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I have the following MySQL query:

SELECT p.*,
    IF(COUNT(ms.PropertyID) > 0,1,0) AS Contacted,
    pm.MediaID,
    date_format(p.AvailableFrom, '%d %b %Y') AS 'AvailableFrom',
    astext(pg.Geometry) AS Geometry
FROM property p, propertygeometry pg
    JOIN shortlist sl ON sl.PropertyID = p.id AND sl.MemberID = 384216
    LEFT JOIN message ms ON ms.PropertyID = p.id AND ms.SenderID = 384216
    LEFT JOIN property_media pm ON pm.PropertyID = p.id AND pm.IsPrimary = 1
WHERE p.paused = 0
    AND p.PropertyGeometryID = pg.id
GROUP BY p.id

And I'm getting this error:

#1054 - Unknown column 'p.id' in 'on clause'

As far as I can see the query looks right, any idea what could be wrong?

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I'm sure you have checked, but you do have a column id on table property that is aliased as p? –  Phil Hunt Nov 1 '10 at 0:51

4 Answers 4

up vote 47 down vote accepted

Don't mix ANSI-89 style and ANSI-92 style joins. They have different precedence which can lead to confusing errors, and that is what has happened here. Your query is being interpreted as follows:

FROM property p, (
    propertygeometry pg
    JOIN shortlist sl ON sl.PropertyID = p.id AND sl.MemberID = 384216
    ...
)

In the above, the joins using the JOIN keyword are evaluated first before the comma-style join is even considered. At that point the table p isn't yet declared.

From the MySQL manual:

However, the precedence of the comma operator is less than of INNER JOIN, CROSS JOIN, LEFT JOIN, and so on. If you mix comma joins with the other join types when there is a join condition, an error of the form Unknown column 'col_name' in 'on clause' may occur. Information about dealing with this problem is given later in this section.

I'd recommend always using ANSI-92 style joins, i.e. using the JOIN keyword:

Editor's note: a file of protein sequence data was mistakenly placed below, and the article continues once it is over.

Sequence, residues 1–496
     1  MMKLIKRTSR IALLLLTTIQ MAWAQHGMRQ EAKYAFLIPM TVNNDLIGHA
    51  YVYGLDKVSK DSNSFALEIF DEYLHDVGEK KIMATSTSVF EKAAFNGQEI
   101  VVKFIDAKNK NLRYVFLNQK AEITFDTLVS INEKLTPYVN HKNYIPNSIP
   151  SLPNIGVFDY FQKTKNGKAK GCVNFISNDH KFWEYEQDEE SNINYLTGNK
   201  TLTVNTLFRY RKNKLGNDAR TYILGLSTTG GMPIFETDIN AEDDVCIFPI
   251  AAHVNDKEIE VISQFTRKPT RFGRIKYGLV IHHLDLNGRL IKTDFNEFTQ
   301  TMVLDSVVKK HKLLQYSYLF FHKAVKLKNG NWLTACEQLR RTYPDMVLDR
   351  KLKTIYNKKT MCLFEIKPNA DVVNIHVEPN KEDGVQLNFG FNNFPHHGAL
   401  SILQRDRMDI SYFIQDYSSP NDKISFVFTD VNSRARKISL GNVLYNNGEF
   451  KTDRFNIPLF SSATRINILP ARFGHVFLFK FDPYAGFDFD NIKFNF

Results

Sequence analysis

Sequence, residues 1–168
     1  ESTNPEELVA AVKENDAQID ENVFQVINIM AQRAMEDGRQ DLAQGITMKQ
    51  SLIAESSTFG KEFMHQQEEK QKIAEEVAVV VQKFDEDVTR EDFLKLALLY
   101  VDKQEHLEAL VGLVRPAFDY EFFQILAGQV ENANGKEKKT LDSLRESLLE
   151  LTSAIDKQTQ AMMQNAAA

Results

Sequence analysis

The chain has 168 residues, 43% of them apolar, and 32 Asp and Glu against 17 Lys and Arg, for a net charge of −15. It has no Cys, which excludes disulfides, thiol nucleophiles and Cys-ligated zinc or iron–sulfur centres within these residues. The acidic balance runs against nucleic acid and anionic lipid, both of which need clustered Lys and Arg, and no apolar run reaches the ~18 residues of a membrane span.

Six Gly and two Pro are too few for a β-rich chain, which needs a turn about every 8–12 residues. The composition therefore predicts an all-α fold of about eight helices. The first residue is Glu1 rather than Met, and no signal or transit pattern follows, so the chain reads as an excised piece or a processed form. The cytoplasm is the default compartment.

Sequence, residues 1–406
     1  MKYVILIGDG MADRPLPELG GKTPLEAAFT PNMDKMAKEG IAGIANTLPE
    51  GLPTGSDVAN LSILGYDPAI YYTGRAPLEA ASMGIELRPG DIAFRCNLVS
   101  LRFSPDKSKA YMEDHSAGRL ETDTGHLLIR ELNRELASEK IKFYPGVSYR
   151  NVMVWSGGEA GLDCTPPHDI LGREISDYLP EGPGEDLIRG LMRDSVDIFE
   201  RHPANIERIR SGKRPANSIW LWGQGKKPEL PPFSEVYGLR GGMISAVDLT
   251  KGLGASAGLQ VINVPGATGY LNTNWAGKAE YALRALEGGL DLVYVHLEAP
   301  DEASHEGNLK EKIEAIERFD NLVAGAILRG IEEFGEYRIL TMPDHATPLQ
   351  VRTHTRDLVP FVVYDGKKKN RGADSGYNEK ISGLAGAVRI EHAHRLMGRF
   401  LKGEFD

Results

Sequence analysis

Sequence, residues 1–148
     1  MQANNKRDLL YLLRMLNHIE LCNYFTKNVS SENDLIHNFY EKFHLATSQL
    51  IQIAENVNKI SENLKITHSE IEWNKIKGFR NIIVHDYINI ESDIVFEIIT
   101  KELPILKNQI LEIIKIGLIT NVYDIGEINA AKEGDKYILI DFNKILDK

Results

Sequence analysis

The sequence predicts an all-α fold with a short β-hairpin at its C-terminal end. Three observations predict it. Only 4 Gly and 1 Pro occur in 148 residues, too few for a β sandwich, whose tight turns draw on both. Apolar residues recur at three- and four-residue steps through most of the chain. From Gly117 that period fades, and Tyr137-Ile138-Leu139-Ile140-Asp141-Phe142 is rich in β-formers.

SELECT p.*,
    IF(COUNT(ms.PropertyID) > 0,1,0) AS Contacted,
    pm.MediaID,
    date_format(p.AvailableFrom, '%d %b %Y') AS 'AvailableFrom',
    astext(pg.Geometry) AS Geometry
FROM property p
    JOIN propertygeometry pg ON p.PropertyGeometryID = pg.id
    JOIN shortlist sl ON sl.PropertyID = p.id AND sl.MemberID = 384216
    LEFT JOIN message ms ON ms.PropertyID = p.id AND ms.SenderID = 384216
    LEFT JOIN property_media pm ON pm.PropertyID = p.id AND pm.IsPrimary = 1
WHERE p.paused = 0
GROUP BY p.id

Related:

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No such terminology as "implicit" or "explicit" with respect to JOIN syntax. –  OMG Ponies Nov 1 '10 at 0:57
3  
Excellent answer. This fixed the problem straight away plus gave me extra information that will help me next time. Thanks Mark. –  Matthew James Taylor Nov 1 '10 at 1:25

I bumped into this error unknown column, the diff is the query is built thru HQL inside session.executeQuery("select id, name, sum(paid), custType from cust group by brand") that's why having to manually type inner join or join keyword is not an option as the hql is the one generating it. it produces a query sumthing like this:

select cust_id, name, sum(paid), c.custTypeId
from customer c, custType ct
on c.custTypeId  = ct.custTypeId 

it says "unknown c.custTypeId" column when I am 101% sure it bears that column.

My classes/relations:

Customer {
Integer custId
CustomerType custType
}

CustomerType{
 Integer custTypeId
string code
}

the problem lies in the comma in "from customer, custType" line. it should be with the word JOIN as the answer stated above. but since it is HQL and is being generated, I can't do that. What I did is modified by query and instead of typing select custType, I typed select custType.id, custType.code

I know it's basic but for first timers like me, it was a struggle.

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As stated before there is a precedence issue using joins via the comma operator where the LEFT JOIN will be executed and so references to table aliases won't exist at that time. Though you can implicitly tell MySQL to use a JOIN via that statement you may also tell MySQL to evaluate the comma joined tables first, then execute left join thusly:

SELECT p.*,
IF(COUNT(ms.PropertyID) > 0,1,0) AS Contacted,
pm.MediaID,
date_format(p.AvailableFrom, '%d %b %Y') AS 'AvailableFrom',
astext(pg.Geometry) AS Geometry
FROM (property p, propertygeometry pg)
JOIN shortlist sl ON sl.PropertyID = p.id AND sl.MemberID = 384216
LEFT JOIN message ms ON ms.PropertyID = p.id AND ms.SenderID = 384216
LEFT JOIN property_media pm ON pm.PropertyID = p.id AND pm.IsPrimary = 1
WHERE p.paused = 0
AND p.PropertyGeometryID = pg.id
GROUP BY p.id

Notice the comma separated tables are contained within parenthesis (). The table aliases and columns will now be available to your other JOINs.

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It looks like that ID field might not actually exist -- that is, the query is structurally valid but refers to a nonexistent field.

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Just to clarify, id field does exist in the property table. –  Matthew James Taylor Nov 1 '10 at 0:58

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